Shire has posted another strong set of results for the second quarter, with its attention-deficit hyperactivity disorder treatments and rare disease drugs once again performing well.

Net income climbed nearly 16% to $237.8 million, while revenues increased 14% to just over $1.20 billion. Turnover was driven by the ADHD drug Vyvanse (lisdexamfetamine dimesylate), which soared 43% to $266.2 million, while sales of its off-patent predecessor Adderall XR (mixed amphetamine salts) fell 9% to $133.9 million. Another ADHD drug, Intuniv (guanfacine), had sales of $69.1 million (+16%).

As for Shire's rare diseases portfolio, Replagal (agalsidase alfa) for Fabry disease increased 3% to $123.2 million, while Vpriv (velaglucerase alfa) for Gaucher's disease brought in $82.7 million, up 31%. The Hunter Syndrome therapy Elaprase (idursulfase) slipped 4% to $122.2 million.

As for Shire's other products, Pentasa (mesalamine) was down 3% to $63.9 million, and the firm’s newer ulcerative colitis drug Lialda/Mezavant brought in $94.1 million, a decrease of 5%. Dermagraft, a regenerative bio-engineered skin substitute for the treatment of diabetic foot ulcers, contributed $52.4 million, while Firazyr (icatibant injection) for hereditary angioedema, had sales of $31.7 million.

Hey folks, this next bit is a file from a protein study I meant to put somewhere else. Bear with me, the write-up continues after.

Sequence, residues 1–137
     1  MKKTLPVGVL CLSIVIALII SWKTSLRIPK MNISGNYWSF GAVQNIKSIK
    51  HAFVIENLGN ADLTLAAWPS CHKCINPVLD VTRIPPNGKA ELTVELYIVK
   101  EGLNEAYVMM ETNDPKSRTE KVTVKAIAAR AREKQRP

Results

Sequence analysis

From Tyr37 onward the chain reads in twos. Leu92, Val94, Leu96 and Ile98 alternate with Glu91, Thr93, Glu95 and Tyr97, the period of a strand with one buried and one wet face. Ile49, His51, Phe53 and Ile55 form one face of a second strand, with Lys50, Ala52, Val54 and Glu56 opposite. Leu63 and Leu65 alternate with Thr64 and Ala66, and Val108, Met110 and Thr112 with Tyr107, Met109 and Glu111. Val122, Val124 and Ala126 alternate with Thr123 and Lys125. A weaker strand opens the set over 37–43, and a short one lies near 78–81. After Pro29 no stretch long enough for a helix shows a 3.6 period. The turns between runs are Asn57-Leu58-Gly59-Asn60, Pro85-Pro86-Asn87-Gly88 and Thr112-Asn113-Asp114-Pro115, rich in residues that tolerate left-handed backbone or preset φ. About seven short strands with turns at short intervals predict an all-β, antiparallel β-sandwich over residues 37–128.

Chief executive Angus Russell said the ADHD market in the USA "is maintaining healthy growth [and] we’re advancing our plans for the continued international rollout" of Vyvanse and Intuniv. He added that "although of decreasing importance in our ADHD portfolio, we believe that branded Adderall XR will remain competitive in the US marketplace despite the approval of a new generic product".

Mr Russell said that "based on the market dynamics we are anticipating and the actions we have taken, Shire is on track to deliver double-digit full-year earnings growth in 2012". The company added that total revenues will still show double-digit growth this year but product sales growth will be in the low-teens, slightly down on a previous forecast, due to foreign exchange movements.